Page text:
With this information on rates of return, we can use Dr. James White’s “Renewable Energy Payment/Feed-In Tariff Calculator” to estimate what price this implies for a hypothetical feed-in tariff. Dr. White’s model only covers the United States, but we can use it to calculate the required feed-in tariffs just across the Great Lakes, in Michigan. There, a utility installing a large wind turbine would require 10.72 cents per kilowatt-hour (kWh) to make the appropriate return on their investment. However, if Michigan had a feed-in tariff, the exact same project would only require a rate of 9.8 cents per kWh, due to the change in capital structure. (These rates are purely hypothetical and are meant to serve as examples. Any feed-in tariff rate setting procedure should involve a careful analysis of the cost of owning and operating a renewable generation system, which has not been done in this paper.)
This difference of .92 cents may seem like a little, but it adds up fairly quickly. As of June, Michigan had generated 157 million kilowatt-hours of electricity from wind. If Michigan had had a feed-in tariff in place for the first half of 2010, Michigan’s ratepayers could have saved over $1.4 million.
The other way that a feed-in tariff can save ratepayers money is by encouraging renewable development by investors who will be satisfied with a lower return on equity than traditional electricity infrastructure investors. The primary reason why someone would accept a lower return is that utilities see investments primarily as financial investments, whereas small developers – such as a homeowner installing rooftop solar – have some non-financial motivations, including the desire to take personal action against climate change.
Now, we can calculate the cost of capital for a small investor. Gainesville, Florida, has implemented a feed-in tariff through their municipal utility and will attract rooftop solar installations. Depending on the project specifications, Gainesville projects that renewable developers will earn returns of up to 4.99 percent. For simplicity’s sake, let’s say that the return on equity in Gainesville is five percent. Financing structures for small installations tend to be more complicated than a simple debt/equity mix, such as financing models involving leases. Rather than trying to account for these effects on the cost of capital, let’s just assume that the project is paid for entirely with cash by the homeowner. (Effectively, this is a 100 percent equity capital structure, so the weighted average cost of capital is the same as the cost of equity.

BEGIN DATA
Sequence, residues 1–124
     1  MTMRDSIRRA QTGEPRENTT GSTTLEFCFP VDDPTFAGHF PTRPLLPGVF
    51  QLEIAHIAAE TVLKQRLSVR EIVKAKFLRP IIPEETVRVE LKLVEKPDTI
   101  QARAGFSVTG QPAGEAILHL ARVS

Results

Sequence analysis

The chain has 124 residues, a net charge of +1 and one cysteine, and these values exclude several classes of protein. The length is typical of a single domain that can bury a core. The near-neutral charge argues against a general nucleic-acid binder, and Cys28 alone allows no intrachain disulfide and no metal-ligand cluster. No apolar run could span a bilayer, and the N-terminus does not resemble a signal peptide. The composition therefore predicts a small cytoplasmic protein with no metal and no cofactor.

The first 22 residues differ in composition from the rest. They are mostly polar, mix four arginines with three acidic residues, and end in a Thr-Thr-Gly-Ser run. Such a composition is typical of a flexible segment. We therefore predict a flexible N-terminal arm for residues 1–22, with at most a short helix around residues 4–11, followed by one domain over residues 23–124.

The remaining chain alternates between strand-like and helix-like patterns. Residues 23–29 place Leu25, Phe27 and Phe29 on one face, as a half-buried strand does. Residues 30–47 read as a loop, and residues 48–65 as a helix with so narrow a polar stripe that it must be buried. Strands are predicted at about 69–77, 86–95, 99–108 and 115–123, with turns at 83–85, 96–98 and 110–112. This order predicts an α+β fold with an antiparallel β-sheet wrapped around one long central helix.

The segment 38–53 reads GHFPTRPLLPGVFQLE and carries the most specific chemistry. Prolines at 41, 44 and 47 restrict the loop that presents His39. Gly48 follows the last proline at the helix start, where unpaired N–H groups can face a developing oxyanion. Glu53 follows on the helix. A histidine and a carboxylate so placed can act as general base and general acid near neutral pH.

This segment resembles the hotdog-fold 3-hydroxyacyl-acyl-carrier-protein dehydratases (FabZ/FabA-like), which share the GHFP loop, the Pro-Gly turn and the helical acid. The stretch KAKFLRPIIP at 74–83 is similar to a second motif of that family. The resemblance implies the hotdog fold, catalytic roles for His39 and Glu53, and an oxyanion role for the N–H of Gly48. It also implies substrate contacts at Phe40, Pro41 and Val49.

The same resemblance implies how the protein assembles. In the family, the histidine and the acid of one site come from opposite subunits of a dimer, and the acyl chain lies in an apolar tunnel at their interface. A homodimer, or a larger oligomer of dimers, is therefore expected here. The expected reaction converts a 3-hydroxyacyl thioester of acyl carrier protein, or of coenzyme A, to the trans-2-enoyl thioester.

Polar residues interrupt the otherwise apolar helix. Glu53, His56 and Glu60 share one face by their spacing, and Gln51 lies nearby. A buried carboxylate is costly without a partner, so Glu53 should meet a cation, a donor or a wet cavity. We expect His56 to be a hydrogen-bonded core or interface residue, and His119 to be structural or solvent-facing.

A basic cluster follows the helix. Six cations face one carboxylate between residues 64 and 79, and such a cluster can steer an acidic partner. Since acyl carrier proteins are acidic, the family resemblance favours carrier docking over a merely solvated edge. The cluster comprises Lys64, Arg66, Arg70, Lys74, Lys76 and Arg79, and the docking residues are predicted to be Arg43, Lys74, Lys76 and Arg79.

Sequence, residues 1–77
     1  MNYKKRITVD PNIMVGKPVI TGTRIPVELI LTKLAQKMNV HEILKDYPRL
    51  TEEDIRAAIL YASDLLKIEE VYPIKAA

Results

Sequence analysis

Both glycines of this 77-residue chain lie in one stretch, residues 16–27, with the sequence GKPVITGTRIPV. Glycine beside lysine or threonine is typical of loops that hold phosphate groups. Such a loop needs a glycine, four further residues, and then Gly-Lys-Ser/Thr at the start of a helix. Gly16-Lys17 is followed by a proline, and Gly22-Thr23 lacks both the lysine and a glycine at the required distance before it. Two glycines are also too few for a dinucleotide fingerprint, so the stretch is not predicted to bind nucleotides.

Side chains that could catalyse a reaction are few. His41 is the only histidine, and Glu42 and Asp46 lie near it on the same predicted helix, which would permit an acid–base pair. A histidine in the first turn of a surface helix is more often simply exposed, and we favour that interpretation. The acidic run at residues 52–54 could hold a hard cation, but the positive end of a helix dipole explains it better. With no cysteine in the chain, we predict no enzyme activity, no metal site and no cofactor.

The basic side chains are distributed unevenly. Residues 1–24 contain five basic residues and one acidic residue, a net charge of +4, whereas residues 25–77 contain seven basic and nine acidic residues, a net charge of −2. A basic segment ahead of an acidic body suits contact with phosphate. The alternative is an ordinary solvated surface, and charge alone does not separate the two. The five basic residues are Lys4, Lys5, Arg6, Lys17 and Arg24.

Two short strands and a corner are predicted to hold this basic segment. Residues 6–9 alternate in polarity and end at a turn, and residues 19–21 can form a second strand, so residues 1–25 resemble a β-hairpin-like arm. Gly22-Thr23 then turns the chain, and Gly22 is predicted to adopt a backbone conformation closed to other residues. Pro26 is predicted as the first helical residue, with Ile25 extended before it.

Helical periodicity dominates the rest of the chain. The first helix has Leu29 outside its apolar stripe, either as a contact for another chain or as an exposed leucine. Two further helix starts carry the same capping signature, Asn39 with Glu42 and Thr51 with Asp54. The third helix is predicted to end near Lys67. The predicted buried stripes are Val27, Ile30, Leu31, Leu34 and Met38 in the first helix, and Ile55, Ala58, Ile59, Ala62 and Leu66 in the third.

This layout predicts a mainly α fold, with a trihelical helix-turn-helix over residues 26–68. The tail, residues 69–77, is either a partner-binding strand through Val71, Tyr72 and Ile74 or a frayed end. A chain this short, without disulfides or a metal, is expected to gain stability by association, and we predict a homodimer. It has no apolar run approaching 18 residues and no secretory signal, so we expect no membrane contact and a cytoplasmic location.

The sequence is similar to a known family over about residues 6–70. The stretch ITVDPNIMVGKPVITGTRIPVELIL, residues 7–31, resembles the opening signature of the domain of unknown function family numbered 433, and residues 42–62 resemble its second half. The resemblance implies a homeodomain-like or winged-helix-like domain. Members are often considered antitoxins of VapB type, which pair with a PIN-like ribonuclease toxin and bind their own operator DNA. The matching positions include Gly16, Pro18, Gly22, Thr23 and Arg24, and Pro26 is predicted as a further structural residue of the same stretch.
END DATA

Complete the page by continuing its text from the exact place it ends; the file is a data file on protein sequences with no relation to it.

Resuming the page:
For a small solar project in Florida, Dr. White’s calculator suggests that a utility with a 6.7 percent cost of capital would need to receive about 34.72 cents per kilowatt-hour on their investment. An investor who only expected a rate of return of five percent, however, would need to receive just 30.40 cents per kWh to make the same investment. (Again, these rates are only intended to serve as examples.)
This difference of 4.3 cents per kwh can turn into significant savings for ratepayers. Suppose this hypothetical utility sold 2.1 million megawatt-hours of electricity (as Gainesville Regional Utilities did in 2009). If half of a percent of their power was generated from solar, that would be 10,500,000 kWh of solar power sales. With a feed-in tariff system that saves 4.3 cents per kWh, this utility would have saved $450,000, savings which can be passed on to their consumers.
In both of these scenarios, the only thing that’s changed is the existence of a feed-in tariff. With this tool in place, some renewable energy will be built by people who demand a smaller financial return on their investment, because they benefit from non-financial returns. Even the traditional infrastructure investors – who demand the same return on equity as investor-owned utilities – will be able to sell power more cheaply, because a feed-in tariff allows them to leverage their investment with more debt. This means that the exact same amount of renewable generation can get built, but consumers will pay less for it. Building clean energy and saving money: this is the optimal solution.
Richard Caperton is the director of clean energy finance at the Center for American Progress